We used the caregiver archetype from Jungian psychology to construct Siri’s character and explored some of its shadows like guilt and feelings of inadequacy. parallel to its strengths like the immense capacity to nurture and care.


In the reading list below, you’ll find stories, art and incidents that inspired us; from Joe Abeywickrema’s award-winning performance as ‘Wannihami’ capturing a father’s long-drawn sorrow, to the psychological disease ‘Munchausen by proxy syndrome’—where a caregiver fearing loneliness imposes nonexistent sickness on an otherwise healthy dependent.


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Our monthly stories are productions looking to connect people to the magic of stories.

We create supplementary reading lists as a way to give you an insight into the inspirations and thinking behind our monthly stories. These reading lists take you behind the story, revealing the process of its making.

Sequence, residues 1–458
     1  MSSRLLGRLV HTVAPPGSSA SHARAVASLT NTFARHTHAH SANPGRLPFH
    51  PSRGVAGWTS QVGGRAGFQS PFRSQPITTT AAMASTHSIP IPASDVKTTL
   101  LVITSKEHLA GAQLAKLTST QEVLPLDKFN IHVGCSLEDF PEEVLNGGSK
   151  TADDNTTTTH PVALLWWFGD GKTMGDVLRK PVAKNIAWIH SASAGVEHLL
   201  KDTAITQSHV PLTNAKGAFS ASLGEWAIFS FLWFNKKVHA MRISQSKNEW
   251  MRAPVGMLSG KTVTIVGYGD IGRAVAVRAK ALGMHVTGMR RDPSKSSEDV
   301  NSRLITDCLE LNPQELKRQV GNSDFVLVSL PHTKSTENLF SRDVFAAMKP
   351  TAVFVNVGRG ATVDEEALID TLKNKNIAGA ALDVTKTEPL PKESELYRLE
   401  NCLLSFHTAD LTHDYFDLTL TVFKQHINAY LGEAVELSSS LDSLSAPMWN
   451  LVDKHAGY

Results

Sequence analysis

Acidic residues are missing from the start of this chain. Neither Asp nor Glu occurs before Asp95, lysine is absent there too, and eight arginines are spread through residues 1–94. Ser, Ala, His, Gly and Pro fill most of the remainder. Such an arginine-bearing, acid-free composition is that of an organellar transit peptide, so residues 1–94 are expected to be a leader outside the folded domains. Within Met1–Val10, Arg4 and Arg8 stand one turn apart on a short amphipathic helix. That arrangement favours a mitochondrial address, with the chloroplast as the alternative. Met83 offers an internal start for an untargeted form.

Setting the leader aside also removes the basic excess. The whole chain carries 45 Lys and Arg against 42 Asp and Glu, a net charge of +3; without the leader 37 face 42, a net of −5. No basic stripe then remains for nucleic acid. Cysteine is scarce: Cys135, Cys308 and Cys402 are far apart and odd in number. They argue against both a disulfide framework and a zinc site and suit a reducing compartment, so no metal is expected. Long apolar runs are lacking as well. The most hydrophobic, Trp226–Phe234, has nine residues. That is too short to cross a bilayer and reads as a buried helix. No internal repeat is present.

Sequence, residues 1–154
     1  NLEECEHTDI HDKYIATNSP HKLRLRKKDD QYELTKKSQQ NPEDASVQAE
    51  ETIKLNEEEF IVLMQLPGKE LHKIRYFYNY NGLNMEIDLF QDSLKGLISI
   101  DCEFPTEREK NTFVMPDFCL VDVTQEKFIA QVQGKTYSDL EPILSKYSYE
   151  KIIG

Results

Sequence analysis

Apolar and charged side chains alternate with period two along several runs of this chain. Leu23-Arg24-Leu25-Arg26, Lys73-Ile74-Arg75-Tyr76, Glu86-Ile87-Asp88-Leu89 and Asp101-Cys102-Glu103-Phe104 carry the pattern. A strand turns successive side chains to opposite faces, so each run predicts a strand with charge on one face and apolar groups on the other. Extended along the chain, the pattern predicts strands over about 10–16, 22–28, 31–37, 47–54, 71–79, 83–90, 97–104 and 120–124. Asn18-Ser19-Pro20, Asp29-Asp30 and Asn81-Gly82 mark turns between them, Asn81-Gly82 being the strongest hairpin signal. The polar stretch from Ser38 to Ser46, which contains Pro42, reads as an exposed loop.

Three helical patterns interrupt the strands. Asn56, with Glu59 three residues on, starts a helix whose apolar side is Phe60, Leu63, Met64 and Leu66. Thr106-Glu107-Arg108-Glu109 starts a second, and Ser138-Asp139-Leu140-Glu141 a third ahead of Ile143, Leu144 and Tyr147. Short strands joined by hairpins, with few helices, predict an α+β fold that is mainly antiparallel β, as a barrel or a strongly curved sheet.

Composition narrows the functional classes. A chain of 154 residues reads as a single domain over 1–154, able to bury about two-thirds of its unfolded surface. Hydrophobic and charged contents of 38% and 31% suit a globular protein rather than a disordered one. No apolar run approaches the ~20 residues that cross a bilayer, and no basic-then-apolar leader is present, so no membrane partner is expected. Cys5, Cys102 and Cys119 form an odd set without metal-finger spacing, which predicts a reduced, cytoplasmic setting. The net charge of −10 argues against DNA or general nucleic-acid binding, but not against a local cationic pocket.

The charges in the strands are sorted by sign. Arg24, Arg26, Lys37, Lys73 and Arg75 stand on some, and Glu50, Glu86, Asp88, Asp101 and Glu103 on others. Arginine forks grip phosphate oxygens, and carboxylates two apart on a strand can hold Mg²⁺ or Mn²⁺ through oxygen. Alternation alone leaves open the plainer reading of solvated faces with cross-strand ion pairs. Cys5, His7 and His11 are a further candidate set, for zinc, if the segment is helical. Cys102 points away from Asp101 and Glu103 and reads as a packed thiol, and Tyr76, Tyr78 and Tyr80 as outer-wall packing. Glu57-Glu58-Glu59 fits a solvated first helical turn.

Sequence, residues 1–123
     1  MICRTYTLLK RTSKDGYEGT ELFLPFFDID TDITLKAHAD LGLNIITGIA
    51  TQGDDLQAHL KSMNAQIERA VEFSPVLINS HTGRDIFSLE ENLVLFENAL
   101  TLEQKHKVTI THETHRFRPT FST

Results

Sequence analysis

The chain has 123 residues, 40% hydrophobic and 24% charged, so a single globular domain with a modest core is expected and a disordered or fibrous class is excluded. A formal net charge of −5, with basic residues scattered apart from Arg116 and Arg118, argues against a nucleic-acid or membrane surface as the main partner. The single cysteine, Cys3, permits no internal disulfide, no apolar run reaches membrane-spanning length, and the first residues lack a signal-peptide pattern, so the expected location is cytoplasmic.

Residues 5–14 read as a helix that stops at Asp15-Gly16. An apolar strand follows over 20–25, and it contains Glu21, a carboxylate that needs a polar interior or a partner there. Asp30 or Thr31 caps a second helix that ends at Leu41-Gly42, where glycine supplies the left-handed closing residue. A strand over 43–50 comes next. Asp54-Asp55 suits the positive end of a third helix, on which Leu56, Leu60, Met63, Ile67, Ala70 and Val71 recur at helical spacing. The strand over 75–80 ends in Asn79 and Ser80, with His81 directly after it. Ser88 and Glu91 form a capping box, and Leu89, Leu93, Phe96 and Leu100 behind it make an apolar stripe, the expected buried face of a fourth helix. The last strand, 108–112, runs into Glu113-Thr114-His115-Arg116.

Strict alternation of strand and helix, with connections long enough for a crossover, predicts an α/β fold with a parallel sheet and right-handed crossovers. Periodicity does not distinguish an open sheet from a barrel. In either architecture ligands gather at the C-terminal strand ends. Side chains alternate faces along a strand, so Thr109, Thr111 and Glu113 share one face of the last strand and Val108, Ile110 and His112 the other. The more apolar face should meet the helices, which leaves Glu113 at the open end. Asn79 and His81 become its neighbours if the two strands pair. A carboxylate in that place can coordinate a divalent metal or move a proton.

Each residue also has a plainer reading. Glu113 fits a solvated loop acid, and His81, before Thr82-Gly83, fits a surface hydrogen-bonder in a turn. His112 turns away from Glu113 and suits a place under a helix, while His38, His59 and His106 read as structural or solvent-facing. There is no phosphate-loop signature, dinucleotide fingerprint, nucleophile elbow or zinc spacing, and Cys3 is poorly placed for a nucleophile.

-

 


Rasa → Adbhutam (अद्भुतं): Wonder, amazement. Colour: yellow, Bhayānakam (भयानकं): Horror, terror. Yama. Colour: black

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ArchetypeSage

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To know more is having more keys to doors, but to understand, is to really be free.


The Jungian character archetype that we’re looking at in this monthly story is that of the sage—the pursuer of truth and understanding as the way to real freedom. In this story, we explored the shadow of this archetype through R. M. —the sharp politician who underestimates the possibilities and viewpoints beyond his sensible frameworks. The mood we wanted to create in this story is that of wonder, or adbūta, identified in the eastern aesthetic theory of rasa. We used the mood bhayānaka, or terror, as an undertone to give more dimension to the story.